In the last couple of days, I’ve seen the term “cargo cult litigation” come up. In the context where it was used it was perfectly referenced.
I am confident that most of my audience knows what it means. For those among us who do not, let me explain.
The term originated as “cargo cult science” in a commencement address at Cal Tech given by renowned bongo player and Nobel physicist Richard Feynman. Feynman was a character of the highest order, humorous, energetic, curious about everything. His autobiography Surely You’re Joking, Mr. Feynman! is a terrific place to get to know him. But at the Cal Tech commencement in 1974, he spoke about “science, pseudoscience, and learning how to not fool yourself.
In the South Seas there is a Cargo Cult of people. During the war they saw airplanes land with lots of good materials, and they want the same thing to happen now. So they’ve arranged to make things like runways, to put fires along the sides of the runways, to make a wooden hut for a man to sit in, with two wooden pieces on his head like headphones and bars of bamboo sticking out like antennas—he’s the controller—and they wait for the airplanes to land. They’re doing everything right. The form is perfect. It looks exactly the way it looked before. But it doesn’t work. No airplanes land. So I call these things Cargo Cult Science, because they follow all the apparent precepts and forms of scientific investigation, but they’re missing something essential, because the planes don’t land.
Now it behooves me, of course, to tell you what they’re missing. But it would he just about as difficult to explain to the South Sea Islanders how they have to arrange things so that they get some wealth in their system. It is not something simple like telling them how to improve the shapes of the earphones. But there is one feature I notice that is generally missing in Cargo Cult Science. That is the idea that we all hope you have learned in studying science in school—we never explicitly say what this is, but just hope that you catch on by all the examples of scientific investigation. It is interesting, therefore, to bring it out now and speak of it explicitly. It’s a kind of scientific integrity, a principle of scientific thought that corresponds to a kind of utter honesty—a kind of leaning over backwards. For example, if you’re doing an experiment, you should report everything that you think might make it invalid—not only what you think is right about it: other causes that could possibly explain your results; and things you thought of that you’ve eliminated by some other experiment, and how they worked—to make sure the other fellow can tell they have been eliminated.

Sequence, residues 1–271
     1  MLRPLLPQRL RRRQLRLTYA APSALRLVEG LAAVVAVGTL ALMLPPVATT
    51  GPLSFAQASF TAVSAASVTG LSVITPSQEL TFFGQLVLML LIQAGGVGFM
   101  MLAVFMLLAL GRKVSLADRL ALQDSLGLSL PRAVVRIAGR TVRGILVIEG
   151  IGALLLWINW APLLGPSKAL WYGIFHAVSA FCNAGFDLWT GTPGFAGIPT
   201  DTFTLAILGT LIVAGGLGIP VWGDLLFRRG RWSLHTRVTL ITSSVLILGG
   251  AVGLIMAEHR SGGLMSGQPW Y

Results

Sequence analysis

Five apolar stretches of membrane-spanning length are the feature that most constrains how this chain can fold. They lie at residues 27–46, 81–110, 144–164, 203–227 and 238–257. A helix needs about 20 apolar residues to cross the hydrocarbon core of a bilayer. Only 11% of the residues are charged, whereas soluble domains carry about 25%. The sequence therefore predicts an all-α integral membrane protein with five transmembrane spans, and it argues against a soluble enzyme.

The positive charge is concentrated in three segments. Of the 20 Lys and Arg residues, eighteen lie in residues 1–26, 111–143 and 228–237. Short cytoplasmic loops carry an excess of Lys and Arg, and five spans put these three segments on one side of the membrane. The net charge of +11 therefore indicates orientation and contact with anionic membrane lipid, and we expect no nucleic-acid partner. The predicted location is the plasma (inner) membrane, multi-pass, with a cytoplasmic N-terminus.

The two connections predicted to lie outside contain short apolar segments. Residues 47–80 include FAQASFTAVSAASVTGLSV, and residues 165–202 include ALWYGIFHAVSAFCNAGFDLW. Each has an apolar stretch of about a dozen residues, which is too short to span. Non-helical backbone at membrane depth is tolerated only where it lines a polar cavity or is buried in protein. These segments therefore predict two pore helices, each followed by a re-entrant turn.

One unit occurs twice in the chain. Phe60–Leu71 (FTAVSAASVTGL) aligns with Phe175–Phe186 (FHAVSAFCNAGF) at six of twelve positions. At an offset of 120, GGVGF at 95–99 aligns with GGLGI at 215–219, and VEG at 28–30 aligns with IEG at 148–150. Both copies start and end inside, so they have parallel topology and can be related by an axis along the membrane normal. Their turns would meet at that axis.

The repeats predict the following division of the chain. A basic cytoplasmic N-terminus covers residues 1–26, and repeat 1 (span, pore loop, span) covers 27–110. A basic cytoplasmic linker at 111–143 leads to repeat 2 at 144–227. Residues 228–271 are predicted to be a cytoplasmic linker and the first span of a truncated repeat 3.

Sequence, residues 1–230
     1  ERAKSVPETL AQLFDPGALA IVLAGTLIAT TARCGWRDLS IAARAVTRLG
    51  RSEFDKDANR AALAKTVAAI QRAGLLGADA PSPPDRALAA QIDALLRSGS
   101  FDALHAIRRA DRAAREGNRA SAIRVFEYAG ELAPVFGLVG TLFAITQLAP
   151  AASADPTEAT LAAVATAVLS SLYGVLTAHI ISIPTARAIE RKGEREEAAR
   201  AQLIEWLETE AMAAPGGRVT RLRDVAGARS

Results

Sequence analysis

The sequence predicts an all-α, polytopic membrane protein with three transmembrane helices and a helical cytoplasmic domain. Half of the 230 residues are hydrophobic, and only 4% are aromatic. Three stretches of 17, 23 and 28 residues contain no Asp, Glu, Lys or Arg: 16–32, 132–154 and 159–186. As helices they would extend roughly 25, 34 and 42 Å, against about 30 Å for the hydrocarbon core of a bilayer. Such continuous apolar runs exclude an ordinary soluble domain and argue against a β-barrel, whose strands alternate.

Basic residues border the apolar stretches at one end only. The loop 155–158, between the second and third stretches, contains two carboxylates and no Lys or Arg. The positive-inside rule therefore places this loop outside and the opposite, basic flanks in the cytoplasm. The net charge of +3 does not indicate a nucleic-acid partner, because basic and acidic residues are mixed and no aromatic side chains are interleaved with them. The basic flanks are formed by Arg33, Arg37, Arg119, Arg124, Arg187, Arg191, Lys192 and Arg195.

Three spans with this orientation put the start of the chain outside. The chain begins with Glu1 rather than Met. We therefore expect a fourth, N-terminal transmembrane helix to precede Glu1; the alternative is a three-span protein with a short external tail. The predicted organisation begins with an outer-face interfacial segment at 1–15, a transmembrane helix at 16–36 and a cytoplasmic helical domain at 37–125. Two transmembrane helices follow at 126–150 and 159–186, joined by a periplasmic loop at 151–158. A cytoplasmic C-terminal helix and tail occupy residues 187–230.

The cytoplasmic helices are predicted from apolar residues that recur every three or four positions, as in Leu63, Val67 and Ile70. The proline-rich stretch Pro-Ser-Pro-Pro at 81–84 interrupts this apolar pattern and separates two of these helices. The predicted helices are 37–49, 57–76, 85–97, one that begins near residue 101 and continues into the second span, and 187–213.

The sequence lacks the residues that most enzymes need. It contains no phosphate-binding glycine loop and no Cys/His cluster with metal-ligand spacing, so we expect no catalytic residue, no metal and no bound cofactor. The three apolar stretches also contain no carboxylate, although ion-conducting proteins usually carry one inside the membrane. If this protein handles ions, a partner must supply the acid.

Details that could throw doubt on your interpretation must be given, if you know them. You must do the best you can—if you know anything at all wrong, or possibly wrong—to explain it. If you make a theory, for example, and advertise it, or put it out, then you must also put down all the facts that disagree with it, as well as those that agree with it. There is also a more subtle problem. When you have put a lot of ideas together to make an elaborate theory, you want to make sure, when explaining what it fits, that those things it fits are not just the things that gave you the idea for the theory; but that the finished theory makes something else come out right, in addition.
In summary, the idea is to try to give all of the information to help others to judge the value of your contribution; not just the information that leads to judgment in one particular direction or another.
Now, the practice of science and the practice of law are not equivalent. In science, you theorize, you test, you analyze, and eventually you come to some sort of conclusion to publish. With the law, you have rules, precedent and facts which you combine in an argument. Science is much more fixed than law. There’s more wiggle room in the law.
We can apply the “Cargo Cult” label to the law when we see a pro se litigant aping the argument of some other party in some other case, simply because it worked before. Like the Cargo Cult islanders in the South Pacific, he sets up the same framework, goes through the same motions, and expects the same results. But the planes still don’t land.
What the islanders observed and interpreted was not everything that was happening. Some of what was happening could not be observed, and some of what they observed was beyond their understanding.
My better angels are telling me that this is a perfect place to stop, that to go further risks educating the monkey. But as the engineers are wont to say, “I can explain it to you, but I can’t understand it for you.”
This is how things must be done in the Schoolhouse of Pain. Answers are not given because then the students have only been told. In the Schoolhouse of Pain, knowledge comes through suffering, like writing lines for Professor Umbridge.
The reason “cargo cult litigation” is such an appropriate term is not only because we see a DUMBFUCK completely aping what he has observed. It’s also fitting because he’s missing something. Many somethings, actually. Because we do not educate the monkey here, I won’t go into detail about that. You’ll have to take a leap of faith.
In this instance, DUMBFUCK cannot see all the turnings of the machine he is trying to duplicate. The planes aren’t going to land. Also, DUMBFUCK cannot understand everything he has observed. The planes aren’t going to land.
I see, and I understand, because I am on the side with the smart people (and zombies). When the time is right, all will be made clear.
The PLM will be weapons-grade. Stretch those LULZ muscles early and often.